Belmont Club

The Other Obama Conspiracy Theory

The “other” and perhaps best founded Obama conspiracy theory revolves not around the President’s birth certificate or his grades in school, themes recently taken up by Donald Trump, but over whether he was the true author of his best-selling  “Dreams from My Father”. Jack Cashill, author of Deconstructing Obama, is the primary proponent of the theory that it was ghost written by someone else. The book’s summary says:

“I’ve written two books,” Barack Obama told a crowd of teachers in July of 2008. “I actually wrote them myself.” The teachers exploded in laughter. They got the joke: lesser politicians were not bright enough to do the same. During the 2008 presidential campaign, Obama supporters pointed to the first of those two books, the 1995 memoir, Dreams from My Father, as proof of Obama’s superior intellect. Time magazine called Dreams “the best-written memoir ever produced by an American politician.” The Obama campaign machine traded on the candidate’s literary reputation, encouraging volunteers to “get out the vote and keep talking to others about the genius of Barack Obama.”

There was just one small flaw, as writer and literary detective Jack Cashill discovered months before the November 2008 election: nothing in Obama’s history suggested he was capable of writing either Dreams or his 2006 book, The Audacity of Hope. In fact, as Cashill continued his research, he came to the shocking conclusion that the real craftsman behind Dreams was terrorist emeritus Bill Ayers.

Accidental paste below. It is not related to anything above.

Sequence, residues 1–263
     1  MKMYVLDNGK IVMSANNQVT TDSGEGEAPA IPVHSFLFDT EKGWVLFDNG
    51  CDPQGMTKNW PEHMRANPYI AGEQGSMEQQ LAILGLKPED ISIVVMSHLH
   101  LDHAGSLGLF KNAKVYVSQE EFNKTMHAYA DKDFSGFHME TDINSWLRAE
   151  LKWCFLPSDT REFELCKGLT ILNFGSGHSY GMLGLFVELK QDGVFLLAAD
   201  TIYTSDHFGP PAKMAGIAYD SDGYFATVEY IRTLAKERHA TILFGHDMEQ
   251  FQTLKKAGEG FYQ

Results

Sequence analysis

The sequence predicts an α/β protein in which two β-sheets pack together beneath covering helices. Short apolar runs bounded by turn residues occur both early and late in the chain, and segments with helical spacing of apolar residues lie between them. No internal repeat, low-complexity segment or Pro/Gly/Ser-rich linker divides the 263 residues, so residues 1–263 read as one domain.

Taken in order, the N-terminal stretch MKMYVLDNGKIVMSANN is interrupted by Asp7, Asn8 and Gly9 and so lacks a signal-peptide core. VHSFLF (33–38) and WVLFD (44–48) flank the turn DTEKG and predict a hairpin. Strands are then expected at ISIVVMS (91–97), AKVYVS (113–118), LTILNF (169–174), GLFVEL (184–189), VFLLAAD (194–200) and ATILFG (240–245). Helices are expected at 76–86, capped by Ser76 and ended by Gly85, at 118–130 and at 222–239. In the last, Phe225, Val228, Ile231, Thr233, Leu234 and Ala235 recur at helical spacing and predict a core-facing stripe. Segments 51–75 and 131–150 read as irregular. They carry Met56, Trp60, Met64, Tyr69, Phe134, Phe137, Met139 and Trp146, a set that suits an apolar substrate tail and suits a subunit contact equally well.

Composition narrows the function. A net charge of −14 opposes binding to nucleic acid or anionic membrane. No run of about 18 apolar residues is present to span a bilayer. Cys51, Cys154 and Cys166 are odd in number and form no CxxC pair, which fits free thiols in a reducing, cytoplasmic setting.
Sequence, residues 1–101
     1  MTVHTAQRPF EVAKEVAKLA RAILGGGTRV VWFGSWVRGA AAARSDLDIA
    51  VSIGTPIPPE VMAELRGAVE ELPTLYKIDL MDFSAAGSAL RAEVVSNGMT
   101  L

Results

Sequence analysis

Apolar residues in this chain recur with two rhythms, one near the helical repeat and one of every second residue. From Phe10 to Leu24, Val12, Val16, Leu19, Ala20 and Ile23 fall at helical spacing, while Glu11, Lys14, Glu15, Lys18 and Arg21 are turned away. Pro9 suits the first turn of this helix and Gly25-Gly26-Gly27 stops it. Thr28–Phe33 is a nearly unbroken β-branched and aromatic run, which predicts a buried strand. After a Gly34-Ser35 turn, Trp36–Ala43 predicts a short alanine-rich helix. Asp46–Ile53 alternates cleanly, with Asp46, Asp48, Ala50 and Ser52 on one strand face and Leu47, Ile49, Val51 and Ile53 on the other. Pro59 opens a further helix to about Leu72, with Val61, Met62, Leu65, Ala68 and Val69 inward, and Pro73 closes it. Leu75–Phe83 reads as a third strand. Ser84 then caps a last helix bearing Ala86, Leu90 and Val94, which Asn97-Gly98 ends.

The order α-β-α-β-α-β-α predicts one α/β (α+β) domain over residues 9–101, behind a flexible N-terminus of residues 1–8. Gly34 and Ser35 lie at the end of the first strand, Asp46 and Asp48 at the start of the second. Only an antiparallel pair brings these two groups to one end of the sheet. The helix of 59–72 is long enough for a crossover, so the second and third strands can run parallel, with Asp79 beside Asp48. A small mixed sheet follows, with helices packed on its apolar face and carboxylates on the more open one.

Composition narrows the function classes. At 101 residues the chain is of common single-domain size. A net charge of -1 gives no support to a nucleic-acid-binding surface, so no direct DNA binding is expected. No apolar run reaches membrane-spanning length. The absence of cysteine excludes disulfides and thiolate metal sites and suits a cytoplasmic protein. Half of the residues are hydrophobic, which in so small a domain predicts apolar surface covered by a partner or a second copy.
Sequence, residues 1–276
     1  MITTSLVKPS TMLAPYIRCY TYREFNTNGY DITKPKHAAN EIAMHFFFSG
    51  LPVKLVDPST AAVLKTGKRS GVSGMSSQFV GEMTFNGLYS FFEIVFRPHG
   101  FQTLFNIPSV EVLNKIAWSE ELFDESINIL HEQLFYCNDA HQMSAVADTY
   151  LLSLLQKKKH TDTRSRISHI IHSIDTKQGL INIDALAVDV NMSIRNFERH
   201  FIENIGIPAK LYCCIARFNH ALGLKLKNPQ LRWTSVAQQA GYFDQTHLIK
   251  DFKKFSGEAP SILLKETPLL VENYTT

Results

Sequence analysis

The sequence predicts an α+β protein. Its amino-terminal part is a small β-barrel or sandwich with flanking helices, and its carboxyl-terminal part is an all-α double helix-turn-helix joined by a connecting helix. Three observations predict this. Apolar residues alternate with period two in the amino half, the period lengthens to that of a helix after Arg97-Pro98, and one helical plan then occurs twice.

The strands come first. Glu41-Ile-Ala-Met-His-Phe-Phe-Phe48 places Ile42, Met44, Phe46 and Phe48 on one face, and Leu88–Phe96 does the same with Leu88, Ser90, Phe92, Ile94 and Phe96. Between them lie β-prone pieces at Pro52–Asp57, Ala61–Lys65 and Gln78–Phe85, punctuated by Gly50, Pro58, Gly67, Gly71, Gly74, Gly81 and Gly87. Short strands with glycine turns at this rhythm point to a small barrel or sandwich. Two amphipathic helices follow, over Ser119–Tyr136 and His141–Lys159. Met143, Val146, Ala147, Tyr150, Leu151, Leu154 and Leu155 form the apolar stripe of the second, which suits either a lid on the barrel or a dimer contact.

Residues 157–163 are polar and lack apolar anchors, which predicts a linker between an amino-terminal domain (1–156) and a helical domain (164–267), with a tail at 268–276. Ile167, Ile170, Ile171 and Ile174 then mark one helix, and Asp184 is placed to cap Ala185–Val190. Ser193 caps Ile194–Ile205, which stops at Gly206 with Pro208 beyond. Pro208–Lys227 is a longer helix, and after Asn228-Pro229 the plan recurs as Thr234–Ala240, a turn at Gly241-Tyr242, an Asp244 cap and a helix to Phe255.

“This was a charge,” David Remnick admits in his definitive Obama biography, The Bridge, “that if ever proved true, or believed to be true among enough voters, could have been the end of the candidacy.”

That the thesis was never believed by enough voters was proved by Barack Obama’s. But experts on both sides remain divided over the evidence. Cashill’s most persuasive arguments for a different authoriship derive from statistical comparisons between “Dreams” and Obama’s later work, “Audacity of Hope”, but most crucially by matching up text patterns with Bill Ayer’s “Fugitive Days”.

The centerpiece of his evidence rests on the analysis Chris Yavelow, whose software package Fiction Fixer is designed to compare a given text against another to see how closely they match. It was originally intended to allow an author to see how close he came to a literary mark. Cashill submitted the texts to Yavelow to see what he came up with.

When he ran the two books nominally by Barack Obama, the 1995 Dreams From My Father and the 2006 Audacity of Hope, through FictionFixer, he concluded, “They were written by different people.”

As Yavelow explains, authors don’t go from a 3.8 percent use of the passive voice in 1995 to an 8.3 percent use in 2006. For developing writers, the use of the passive almost always diminishes with experience. …

When, however, Yavelow compared Obama’s Dreams with Bill Ayers’ memoir, Fugitive Days, he found the similarity of the two books “striking.” He then quickly corrects himself: “’Striking’ is an understatement for the relationship FictionFixer uncovered between Fugitive Days and Dreams From My Father.”

For the analytically inclined, Yavelow’s actual report is here.  But it isn’t ironclad. The main caveat Yavelow himself brings up in the small size of the Ayers sample as a methodological problem.

Conclusion: this analysis makes a strong case for the likelihood that the author of Fugitive days ghostwrote Dreams from My Father … Alternatively, another scenario might be … the author of Fugitive Days might have served as a “book doctor” … and given extreme license to edit and rewrite …

Caveat: Normally, FictionFixer works with text samples of 50,000 words or greater (the closer to 100,000 the better; remember, many of FictionFixer’s calculations require data to be normalized to a 100,000-word standard). We decided to work with Ayer’s Fugitive days even though only 25,344 words were available as electronic text simply because of time constraints. …